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City of Buffalo surveying residents on speed humps, drawing criticism from East Side block clubs

A number of block clubs on Buffalo's East Side are furious over what showed up in their mailbox last week.

BUFFALO, N.Y. — Do you want speed humps in your neighborhood?

That's the question the City of Buffalo is asking thousands of residents in hopes of improving traffic safety.

The city is also dealing with the fallout from its controversial school zone camera program.

A number of block clubs on Buffalo's East Side are furious over what showed up in their mailbox last week. 

A speed hump survey from the city which they view is as a waste of time. 

"We all said we wanted speed humps, nobody said we wanted to see how it was going to work, nobody said we don't want them, we want them and we want them now, let's get on with it and stop all of this crap," said Ira Roberts, an East Side resident. 

Several years ago, after numerous speeding complaints, there were temporary speed humps that were installed here. 

"We were elated, we were so happy, we had thought, we had solved the problem it was a major step," said Renata Toney, a member of the Arden-Newburgh block club, "What we wanted to do was stop people speeding down our streets, children their lives are being threatened and you see on the news all the time how people are being killed their businesses are being run into off Bailey Avenue."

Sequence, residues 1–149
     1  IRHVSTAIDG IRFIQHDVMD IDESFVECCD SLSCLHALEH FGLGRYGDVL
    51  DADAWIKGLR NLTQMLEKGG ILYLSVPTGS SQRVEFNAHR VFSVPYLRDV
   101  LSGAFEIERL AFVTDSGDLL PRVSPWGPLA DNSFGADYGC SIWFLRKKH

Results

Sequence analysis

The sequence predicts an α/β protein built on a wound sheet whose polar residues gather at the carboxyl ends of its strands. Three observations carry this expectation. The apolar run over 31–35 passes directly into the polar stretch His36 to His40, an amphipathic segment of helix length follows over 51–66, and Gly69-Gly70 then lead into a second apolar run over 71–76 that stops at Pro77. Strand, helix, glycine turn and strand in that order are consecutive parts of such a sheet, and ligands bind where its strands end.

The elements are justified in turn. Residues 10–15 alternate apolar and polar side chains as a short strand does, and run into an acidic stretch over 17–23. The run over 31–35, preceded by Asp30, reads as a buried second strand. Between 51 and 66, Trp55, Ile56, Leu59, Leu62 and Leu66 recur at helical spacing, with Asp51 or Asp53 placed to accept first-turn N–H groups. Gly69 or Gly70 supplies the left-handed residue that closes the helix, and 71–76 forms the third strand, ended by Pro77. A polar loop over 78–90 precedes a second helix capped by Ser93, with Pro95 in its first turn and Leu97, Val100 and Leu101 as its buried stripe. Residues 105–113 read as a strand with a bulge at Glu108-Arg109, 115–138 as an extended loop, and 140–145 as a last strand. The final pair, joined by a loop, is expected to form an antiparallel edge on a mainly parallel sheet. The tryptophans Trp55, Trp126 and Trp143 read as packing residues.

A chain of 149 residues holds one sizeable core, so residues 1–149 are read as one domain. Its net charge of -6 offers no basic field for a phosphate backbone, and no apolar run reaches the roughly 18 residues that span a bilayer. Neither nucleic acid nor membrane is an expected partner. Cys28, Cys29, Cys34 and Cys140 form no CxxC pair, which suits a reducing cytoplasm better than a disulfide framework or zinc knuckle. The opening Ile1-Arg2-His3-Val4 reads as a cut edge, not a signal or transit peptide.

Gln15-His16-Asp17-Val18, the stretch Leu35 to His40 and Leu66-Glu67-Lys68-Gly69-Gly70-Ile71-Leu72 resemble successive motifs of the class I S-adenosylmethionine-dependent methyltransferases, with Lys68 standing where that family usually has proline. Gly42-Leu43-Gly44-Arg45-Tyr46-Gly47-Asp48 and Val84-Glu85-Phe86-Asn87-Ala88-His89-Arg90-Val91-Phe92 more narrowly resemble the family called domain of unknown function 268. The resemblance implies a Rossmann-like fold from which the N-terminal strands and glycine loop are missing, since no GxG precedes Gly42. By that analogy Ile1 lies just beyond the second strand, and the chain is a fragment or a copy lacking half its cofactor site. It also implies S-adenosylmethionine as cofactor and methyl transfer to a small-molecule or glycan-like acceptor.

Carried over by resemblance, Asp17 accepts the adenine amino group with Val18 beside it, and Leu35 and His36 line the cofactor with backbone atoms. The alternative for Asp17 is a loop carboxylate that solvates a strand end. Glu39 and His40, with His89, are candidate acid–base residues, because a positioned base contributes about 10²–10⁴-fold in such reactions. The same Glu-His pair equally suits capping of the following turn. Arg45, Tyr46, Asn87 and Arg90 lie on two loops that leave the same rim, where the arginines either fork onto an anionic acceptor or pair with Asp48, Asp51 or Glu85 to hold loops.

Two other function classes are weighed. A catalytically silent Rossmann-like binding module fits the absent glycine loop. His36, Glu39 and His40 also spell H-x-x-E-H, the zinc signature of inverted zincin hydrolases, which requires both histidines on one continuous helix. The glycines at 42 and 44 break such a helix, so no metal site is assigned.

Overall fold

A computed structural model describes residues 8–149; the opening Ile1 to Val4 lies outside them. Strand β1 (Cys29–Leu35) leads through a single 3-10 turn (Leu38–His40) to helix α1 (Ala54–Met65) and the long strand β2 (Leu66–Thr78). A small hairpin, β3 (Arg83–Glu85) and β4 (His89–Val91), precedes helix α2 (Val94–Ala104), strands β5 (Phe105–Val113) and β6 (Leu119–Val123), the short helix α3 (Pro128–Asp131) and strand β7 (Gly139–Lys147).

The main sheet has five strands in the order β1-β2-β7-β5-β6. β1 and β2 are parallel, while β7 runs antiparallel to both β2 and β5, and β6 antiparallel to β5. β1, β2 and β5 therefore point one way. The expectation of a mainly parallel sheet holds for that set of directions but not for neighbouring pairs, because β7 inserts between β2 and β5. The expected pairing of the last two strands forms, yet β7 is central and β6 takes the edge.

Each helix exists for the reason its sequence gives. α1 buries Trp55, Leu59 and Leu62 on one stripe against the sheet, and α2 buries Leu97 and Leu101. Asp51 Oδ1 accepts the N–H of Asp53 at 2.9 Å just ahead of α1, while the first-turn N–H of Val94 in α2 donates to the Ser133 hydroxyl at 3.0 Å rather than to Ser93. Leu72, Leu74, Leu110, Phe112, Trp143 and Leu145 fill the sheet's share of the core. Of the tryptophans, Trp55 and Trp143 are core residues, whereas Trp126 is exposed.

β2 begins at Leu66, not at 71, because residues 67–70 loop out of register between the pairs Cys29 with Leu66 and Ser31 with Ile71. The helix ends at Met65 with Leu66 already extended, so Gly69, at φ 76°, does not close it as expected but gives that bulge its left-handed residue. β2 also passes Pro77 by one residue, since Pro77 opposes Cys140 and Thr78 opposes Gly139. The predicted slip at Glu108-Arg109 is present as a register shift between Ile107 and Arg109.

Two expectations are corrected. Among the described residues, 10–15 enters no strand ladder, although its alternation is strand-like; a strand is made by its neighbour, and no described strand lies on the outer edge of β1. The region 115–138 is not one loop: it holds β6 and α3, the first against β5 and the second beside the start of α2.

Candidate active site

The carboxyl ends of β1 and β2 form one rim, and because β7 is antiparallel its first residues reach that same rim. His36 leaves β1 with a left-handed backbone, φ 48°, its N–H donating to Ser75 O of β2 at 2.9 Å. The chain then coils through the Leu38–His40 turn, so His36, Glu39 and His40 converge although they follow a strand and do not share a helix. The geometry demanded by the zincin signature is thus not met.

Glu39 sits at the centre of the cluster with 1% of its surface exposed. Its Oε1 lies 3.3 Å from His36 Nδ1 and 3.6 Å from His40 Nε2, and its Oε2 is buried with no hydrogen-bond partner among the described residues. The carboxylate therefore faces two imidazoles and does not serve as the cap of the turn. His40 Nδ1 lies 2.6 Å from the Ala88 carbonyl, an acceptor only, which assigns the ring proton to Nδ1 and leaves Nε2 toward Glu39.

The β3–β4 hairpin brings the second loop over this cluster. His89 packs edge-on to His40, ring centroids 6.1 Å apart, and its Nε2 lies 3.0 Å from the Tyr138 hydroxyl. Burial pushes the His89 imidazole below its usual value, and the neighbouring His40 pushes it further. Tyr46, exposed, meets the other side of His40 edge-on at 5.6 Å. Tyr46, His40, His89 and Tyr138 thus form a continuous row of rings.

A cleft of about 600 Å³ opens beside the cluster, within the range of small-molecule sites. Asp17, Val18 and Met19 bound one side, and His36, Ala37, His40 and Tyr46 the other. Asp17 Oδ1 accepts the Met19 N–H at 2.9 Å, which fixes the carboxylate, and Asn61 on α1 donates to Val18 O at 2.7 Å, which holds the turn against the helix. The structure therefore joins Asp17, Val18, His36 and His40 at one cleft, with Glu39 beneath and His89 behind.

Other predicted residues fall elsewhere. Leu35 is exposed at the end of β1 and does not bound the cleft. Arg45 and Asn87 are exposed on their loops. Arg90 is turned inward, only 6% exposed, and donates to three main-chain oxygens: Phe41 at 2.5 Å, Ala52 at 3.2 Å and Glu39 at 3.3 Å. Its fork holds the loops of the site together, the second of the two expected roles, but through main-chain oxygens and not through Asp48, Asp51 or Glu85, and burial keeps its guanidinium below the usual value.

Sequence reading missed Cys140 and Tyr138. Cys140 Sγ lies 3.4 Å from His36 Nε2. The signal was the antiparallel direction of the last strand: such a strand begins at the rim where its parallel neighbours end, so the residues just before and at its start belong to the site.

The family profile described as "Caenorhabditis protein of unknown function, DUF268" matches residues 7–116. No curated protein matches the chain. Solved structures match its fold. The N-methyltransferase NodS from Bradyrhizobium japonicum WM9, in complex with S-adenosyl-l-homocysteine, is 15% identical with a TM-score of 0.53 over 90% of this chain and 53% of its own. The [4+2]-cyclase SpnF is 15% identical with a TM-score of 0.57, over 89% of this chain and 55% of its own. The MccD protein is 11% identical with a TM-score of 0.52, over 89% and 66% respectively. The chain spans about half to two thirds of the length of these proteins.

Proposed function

But, those speed humps were removed and put elsewhere disappointing residents. 

"I am so afraid that one day I'm going to witness a bad accident," said Doris Lockhart, an Easton Block Club member. 

The city's Department of Public Works says it sent out 17,000 of these mailers and insists they are not a waste of time.  

"What we want to make sure of is that everyone that's impacted by this where the traffic might go and where the speed humps are going to be placed beyond just the original locations, where we had piloted them everyone understands and feels this is the best application for their neighborhood," said Michael Finn, commissioner of Buffalo's Department of Public Works, "When we get the positive response we're going to construction right in the fall."

Planning for speed humps comes at a time when city crews are still busy working in school zones. 

Some speed limit signs still need to be changed from 15 to 20 miles per hour. 

And nearly 40 school crosswalks, where there's high traffic, are getting makeovers before school starts.  

"So they can put in those high visibility crosswalks at all those schools to highlight for drivers that they're entering those zones,' Finn said. 

More than 40-speed readers will start to be installed citywide in the coming weeks -- not fast enough for some city lawmakers. 

"Children are going to be going back to school in September and here we are scrambling to try to get everything in place everything should be in place as of now but that's where we are right now," said Buffalo Common Council Member Rasheed Wyatt. 

Wyatt says he expects six-speed readers to be installed in his district. City officials say the cost of each speed reader is between $3,000 and $4,000. More than $120,000 in discretionary funding that city lawmakers receive has been spent to buy speed readers. 

Finn says 20-speed readers are expected to arrive by the end of the month and he's not sure when more will arrive. 

As for those controversial speed zone cameras, they will come down by September 1, due to an ordinance lawmakers passed months ago.

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